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Edited by Grith S. Ølykke and Albert Sanchez-Graells

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Edited by Grith S. Ølykke and Albert Sanchez-Graells

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Edited by Grith S. Ølykke and Albert Sanchez-Graells

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Edited by Grith S. Ølykke and Albert Sanchez-Graells

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Grith Skovgaard Ølykke and Albert Sanchez-Graells

This introductory chapter provides an essential background to the research project and the ‘law and political science’ methodology employed in each of the substantive chapters. It details the structure of the book and lays out the main research questions that the individual contributions and the general conclusions aim to answer.
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Albert Sanchez-Graells and Grith Skovgaard Ølykke

This final chapter provides a general conclusion to the research project. It picks up on the main themes laid out in the assessment of the EU legislative procedure from a political science perspective and builds upon the insights gained with the analyses of distinct legal issues in each of the substantive chapters, which are used as case studies. Ultimately, the chapter answers the questions: how did the Commission, Council and Parliament generally interact in the legislative process; whether one or more EU institutions had the upper hand in the negotiations, particularly considering the proposed and amended texts; and, most importantly, what is the predicted interpretation by the CJEU of the examined provisions in the 2014 Public Procurement Package and to what extent is that likely to alter or neutralise the result of the legislative process. Additionally, maybe from a more holistic perspective, the final outcome of the 2011–14 legislative process is assessed, so as to conclude and determine whether it has resulted in a reformation or a deformation of the EU public procurement rules now encapsulated in the 2014 Public Procurement Package.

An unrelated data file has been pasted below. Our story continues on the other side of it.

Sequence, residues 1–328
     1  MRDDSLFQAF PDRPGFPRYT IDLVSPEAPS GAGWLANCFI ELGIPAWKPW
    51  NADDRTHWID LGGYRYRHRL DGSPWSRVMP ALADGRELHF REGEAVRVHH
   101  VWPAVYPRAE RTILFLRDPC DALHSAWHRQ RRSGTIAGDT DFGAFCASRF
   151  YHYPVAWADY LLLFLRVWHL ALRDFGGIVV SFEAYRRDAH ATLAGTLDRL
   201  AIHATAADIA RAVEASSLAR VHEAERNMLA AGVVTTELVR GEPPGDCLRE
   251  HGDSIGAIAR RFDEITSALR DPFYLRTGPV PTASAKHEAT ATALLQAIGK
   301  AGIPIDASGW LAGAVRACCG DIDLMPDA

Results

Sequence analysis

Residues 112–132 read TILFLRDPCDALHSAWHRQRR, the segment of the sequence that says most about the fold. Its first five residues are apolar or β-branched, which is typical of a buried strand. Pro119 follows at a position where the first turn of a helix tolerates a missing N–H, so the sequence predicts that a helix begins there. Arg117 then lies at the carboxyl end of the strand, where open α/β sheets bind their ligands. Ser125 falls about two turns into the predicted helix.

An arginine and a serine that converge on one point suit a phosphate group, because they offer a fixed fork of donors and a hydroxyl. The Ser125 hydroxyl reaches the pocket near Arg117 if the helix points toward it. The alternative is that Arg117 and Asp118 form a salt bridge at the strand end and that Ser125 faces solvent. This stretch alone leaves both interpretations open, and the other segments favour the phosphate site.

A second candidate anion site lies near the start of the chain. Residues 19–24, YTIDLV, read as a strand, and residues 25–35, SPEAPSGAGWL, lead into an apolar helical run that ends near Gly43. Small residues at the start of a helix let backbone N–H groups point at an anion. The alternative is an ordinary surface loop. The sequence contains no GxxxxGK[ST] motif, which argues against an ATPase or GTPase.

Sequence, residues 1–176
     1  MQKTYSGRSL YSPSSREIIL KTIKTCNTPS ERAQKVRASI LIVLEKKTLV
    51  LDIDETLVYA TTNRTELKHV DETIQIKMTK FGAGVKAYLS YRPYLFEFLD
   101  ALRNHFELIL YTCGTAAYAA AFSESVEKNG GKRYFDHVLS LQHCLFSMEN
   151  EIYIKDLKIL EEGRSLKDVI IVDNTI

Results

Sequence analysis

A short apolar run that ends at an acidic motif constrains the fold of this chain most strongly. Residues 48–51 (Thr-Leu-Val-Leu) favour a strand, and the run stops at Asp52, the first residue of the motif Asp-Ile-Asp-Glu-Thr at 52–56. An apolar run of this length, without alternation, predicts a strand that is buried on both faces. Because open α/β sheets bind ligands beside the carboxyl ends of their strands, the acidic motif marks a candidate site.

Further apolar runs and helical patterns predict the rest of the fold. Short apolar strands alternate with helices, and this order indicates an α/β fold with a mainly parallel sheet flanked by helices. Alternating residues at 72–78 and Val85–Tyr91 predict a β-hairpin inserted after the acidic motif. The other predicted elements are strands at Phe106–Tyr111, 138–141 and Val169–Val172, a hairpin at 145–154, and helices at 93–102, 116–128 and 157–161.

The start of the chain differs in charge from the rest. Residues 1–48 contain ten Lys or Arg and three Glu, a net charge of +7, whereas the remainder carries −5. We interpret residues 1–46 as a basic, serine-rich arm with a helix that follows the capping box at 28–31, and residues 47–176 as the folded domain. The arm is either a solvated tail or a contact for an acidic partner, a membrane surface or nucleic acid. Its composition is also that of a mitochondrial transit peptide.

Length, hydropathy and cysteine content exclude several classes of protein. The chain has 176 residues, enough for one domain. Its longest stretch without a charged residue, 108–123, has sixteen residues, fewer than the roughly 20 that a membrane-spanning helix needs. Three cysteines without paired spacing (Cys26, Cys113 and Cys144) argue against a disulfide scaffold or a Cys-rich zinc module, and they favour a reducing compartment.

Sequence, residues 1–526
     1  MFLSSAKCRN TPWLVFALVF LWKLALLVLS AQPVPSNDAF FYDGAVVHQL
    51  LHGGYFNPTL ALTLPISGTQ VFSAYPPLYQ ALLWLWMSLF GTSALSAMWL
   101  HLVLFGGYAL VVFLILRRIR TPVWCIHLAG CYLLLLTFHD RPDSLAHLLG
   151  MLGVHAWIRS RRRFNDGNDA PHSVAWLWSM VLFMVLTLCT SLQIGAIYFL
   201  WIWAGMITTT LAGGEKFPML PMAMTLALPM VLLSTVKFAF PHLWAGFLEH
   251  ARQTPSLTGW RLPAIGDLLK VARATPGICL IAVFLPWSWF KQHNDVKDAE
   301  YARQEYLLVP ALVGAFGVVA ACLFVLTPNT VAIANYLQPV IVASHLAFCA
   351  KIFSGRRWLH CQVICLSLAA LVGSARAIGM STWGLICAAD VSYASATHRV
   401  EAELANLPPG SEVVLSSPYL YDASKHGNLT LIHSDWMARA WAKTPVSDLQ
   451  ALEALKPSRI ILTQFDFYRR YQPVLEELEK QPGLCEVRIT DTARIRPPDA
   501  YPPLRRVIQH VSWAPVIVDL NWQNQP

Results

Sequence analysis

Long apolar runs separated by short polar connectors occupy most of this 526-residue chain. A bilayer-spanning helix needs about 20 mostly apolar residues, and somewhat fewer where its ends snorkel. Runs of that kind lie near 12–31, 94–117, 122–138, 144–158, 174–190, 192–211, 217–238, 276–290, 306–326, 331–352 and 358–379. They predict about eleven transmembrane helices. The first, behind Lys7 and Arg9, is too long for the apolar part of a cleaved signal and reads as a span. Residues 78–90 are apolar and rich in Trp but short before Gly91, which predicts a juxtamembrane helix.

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Edited by Grith S. Ølykke and Albert Sanchez-Graells

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Edited by Grith S. Ølykke and Albert Sanchez-Graells

Using an innovative ‘law and political science’ methodology, this timely book carries out a critical assessment of the reform of the EU public procurement rules. It provides a rich account of the policy directions and the spaces for national regulatory decisions in the transposition of the 2014 Public Procurement Package, as well as areas of uncertainty and indications on how to interpret the rules in order to make them operational in practice.